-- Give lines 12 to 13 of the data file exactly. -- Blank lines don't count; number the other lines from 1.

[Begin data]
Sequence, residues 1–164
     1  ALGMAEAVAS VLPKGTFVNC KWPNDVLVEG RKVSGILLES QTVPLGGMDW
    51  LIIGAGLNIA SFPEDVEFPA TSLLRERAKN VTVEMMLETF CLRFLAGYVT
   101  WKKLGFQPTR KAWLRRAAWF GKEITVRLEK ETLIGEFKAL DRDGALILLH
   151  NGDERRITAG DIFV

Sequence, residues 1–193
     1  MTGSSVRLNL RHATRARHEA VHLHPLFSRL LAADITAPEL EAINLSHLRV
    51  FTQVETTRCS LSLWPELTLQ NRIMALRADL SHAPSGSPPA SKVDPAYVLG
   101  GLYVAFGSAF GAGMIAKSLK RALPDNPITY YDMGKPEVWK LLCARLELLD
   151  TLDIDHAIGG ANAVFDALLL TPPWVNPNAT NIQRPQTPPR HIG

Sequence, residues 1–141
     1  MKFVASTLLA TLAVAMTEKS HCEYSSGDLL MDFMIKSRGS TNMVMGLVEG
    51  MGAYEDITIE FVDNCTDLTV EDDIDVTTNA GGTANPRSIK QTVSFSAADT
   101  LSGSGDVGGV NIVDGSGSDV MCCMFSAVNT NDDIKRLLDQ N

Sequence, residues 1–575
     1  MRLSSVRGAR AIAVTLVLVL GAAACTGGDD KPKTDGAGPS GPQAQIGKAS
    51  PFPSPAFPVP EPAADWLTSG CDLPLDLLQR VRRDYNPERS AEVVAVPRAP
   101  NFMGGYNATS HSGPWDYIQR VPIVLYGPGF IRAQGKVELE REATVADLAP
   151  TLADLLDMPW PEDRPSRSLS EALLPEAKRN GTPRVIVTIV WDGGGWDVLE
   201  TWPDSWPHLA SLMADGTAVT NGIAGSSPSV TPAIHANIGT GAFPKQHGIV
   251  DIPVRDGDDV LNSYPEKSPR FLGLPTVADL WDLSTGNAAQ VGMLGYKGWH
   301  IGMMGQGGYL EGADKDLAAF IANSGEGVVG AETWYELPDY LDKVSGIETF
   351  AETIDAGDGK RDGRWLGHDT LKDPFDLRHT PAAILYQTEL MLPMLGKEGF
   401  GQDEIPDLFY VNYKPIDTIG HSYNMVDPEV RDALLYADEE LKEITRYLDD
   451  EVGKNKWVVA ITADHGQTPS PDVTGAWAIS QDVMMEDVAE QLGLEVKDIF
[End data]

     1  MKFVASTLLA TLAVAMTEKS HCEYSSGDLL MDFMIKSRGS TNMVMGLVEG
    51  MGAYEDITIE FVDNCTDLTV EDDIDVTTNA GGTANPRSIK QTVSFSAADT